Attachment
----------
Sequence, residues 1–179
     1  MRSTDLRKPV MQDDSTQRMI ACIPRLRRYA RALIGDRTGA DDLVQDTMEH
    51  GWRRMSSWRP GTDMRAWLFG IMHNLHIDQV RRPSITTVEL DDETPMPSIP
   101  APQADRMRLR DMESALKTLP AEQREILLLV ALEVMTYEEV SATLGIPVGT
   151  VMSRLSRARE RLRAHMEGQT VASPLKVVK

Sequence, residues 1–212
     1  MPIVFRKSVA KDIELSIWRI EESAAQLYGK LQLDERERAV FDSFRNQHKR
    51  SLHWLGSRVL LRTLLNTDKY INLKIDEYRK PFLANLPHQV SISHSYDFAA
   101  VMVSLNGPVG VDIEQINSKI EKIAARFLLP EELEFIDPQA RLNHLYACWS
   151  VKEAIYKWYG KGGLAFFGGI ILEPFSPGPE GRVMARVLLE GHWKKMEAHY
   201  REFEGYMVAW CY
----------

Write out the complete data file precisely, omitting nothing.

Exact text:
Sequence, residues 1–179
     1  MRSTDLRKPV MQDDSTQRMI ACIPRLRRYA RALIGDRTGA DDLVQDTMEH
    51  GWRRMSSWRP GTDMRAWLFG IMHNLHIDQV RRPSITTVEL DDETPMPSIP
   101  APQADRMRLR DMESALKTLP AEQREILLLV ALEVMTYEEV SATLGIPVGT
   151  VMSRLSRARE RLRAHMEGQT VASPLKVVK

Sequence, residues 1–212
     1  MPIVFRKSVA KDIELSIWRI EESAAQLYGK LQLDERERAV FDSFRNQHKR
    51  SLHWLGSRVL LRTLLNTDKY INLKIDEYRK PFLANLPHQV SISHSYDFAA
   101  VMVSLNGPVG VDIEQINSKI EKIAARFLLP EELEFIDPQA RLNHLYACWS
   151  VKEAIYKWYG KGGLAFFGGI ILEPFSPGPE GRVMARVLLE GHWKKMEAHY
   201  REFEGYMVAW CY